More than 720,000 people around the world have joined the effort so far.

In the Hands On office alone, 16 computers are enlisted. Kyle Trager, the community partnerships manager there, also has the app on his phone and his computer at home.

“You don’t even know it’s running,” he says. “I just plug in my phone to charge overnight, and once it gets to 90 percent, it’ll crunch these calculations.”

There’s never a slowdown of processing, Allen insists. And if the charity’s power bill went up as a result, it wasn’t noticeable.

“The benefit of joining our team [] is that you can call us and we will help you set it up,” he says. “And when scientists find a drug for Zika or a cure for cancer, you can say you helped make it happen.”

See the full article here.


There is a new project at World Community Grid [WCG] called OpenZika.
Zika depiction. Image copyright John Liebler,
Rutgers Open Zika

WCG runs on your home computer or tablet on software from Berkeley Open Infrastructure for Network Computing [BOINC]. Many other scientific projects run on BOINC software.Visit WCG or BOINC, download and install the software, then at WCG attach to the OpenZika project. You will be joining tens of thousands of other “crunchers” processing computational data and saving the scientists literally thousands of hours of work at no real cost to you.

This project is directed by Dr. Alexander Perryman a senior researcher in the Freundlich lab, with extensive training in developing and applying computational methods in drug discovery and in the biochemical mechanisms of multi-drug-resistance in infectious diseases. He is a member of the Center for Emerging & Re-emerging Pathogens, in the Department of Pharmacology, Physiology, and Neuroscience, at the Rutgers University, New Jersey Medical School. Previously, he was a Research Associate in Prof. Arthur J. Olson’s lab at The Scripps Research Institute (TSRI), where he ran the day-to-day operations of the FightAIDS@Home project, the largest computational drug discovery project devoted to HIV/AIDS, which also runs on WCG. While in the Olson lab, he also designed, led, and ran the largest computational drug discovery project ever performed against malaria, the GO Fight Against Malaria project, also on WCG.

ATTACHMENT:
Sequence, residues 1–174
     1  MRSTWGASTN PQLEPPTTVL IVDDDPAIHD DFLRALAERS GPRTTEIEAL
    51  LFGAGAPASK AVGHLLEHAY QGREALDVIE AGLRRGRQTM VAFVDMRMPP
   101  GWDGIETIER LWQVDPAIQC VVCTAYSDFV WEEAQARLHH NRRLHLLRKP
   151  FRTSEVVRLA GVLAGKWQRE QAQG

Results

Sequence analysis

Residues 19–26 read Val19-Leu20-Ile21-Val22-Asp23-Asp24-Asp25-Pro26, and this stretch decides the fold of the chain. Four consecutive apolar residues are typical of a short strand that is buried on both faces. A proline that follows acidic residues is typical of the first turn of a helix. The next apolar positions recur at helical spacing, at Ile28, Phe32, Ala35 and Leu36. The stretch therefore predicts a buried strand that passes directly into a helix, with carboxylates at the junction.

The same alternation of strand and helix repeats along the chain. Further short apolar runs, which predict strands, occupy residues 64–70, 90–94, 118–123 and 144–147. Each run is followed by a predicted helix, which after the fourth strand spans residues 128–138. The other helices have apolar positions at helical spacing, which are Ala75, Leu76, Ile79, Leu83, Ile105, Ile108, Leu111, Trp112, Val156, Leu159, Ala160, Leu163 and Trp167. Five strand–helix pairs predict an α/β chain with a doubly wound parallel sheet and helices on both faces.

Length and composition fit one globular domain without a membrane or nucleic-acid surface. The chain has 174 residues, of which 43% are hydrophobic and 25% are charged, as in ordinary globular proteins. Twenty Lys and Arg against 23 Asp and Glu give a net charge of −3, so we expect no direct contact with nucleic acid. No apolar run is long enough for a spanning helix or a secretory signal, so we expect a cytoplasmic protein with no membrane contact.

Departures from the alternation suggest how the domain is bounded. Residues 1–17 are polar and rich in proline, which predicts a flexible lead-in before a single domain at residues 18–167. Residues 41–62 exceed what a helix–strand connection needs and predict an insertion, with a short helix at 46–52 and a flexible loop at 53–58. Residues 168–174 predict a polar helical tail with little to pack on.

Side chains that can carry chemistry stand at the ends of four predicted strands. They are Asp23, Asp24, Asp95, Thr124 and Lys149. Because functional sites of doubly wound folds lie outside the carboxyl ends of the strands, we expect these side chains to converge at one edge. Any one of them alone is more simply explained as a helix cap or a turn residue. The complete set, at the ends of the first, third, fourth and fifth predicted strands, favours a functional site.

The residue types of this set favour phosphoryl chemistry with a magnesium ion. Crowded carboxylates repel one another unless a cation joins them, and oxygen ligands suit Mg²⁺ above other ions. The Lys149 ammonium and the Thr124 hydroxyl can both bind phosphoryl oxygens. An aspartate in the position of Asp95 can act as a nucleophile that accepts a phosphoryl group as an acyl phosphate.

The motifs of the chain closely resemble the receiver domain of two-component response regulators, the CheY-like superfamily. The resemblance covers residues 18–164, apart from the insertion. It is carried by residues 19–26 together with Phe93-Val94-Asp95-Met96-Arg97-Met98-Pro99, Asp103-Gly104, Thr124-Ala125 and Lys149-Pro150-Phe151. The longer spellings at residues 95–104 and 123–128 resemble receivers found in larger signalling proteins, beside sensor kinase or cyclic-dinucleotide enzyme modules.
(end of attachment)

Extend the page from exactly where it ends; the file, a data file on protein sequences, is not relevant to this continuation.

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Please help promote STEM in your local schools.

Stem Education Coalition

World Community Grid (WCG) brings people together from across the globe to create the largest non-profit computing grid benefiting humanity. It does this by pooling surplus computer processing power. We believe that innovation combined with visionary scientific research and large-scale volunteerism can help make the planet smarter. Our success depends on like-minded individuals – like you.”

WCG projects run on BOINC software from UC Berkeley.

BOINC is a leader in the field(s) of Distributed Computing, Grid Computing and Citizen Cyberscience.BOINC is more properly the Berkeley Open Infrastructure for Network Computing.

BOINC WallPaper



“Download and install secure, free software that captures your computer’s spare power when it is on, but idle. You will then be a World Community Grid volunteer. It’s that simple!” You can download the software at either WCG or BOINC.

Please visit the project pages-

FightAIDS@home Phase II


Rutgers Open Zika

Help Stop TB
WCG Help Stop TB
Outsmart Ebola together

Outsmart Ebola Together

Mapping Cancer Markers

Uncovering Genome Mysteries
Uncovering Genome Mysteries

Say No to Schistosoma

GO Fight Against Malaria

Drug Search for Leishmaniasis

Computing for Clean Water

The Clean Energy Project

Discovering Dengue Drugs – Together

Help Cure Muscular Dystrophy

Help Fight Childhood Cancer

Help Conquer Cancer

Human Proteome Folding


World Community Grid is a social initiative of IBM Corporation
IBM Corporation

IBM – Smarter Planet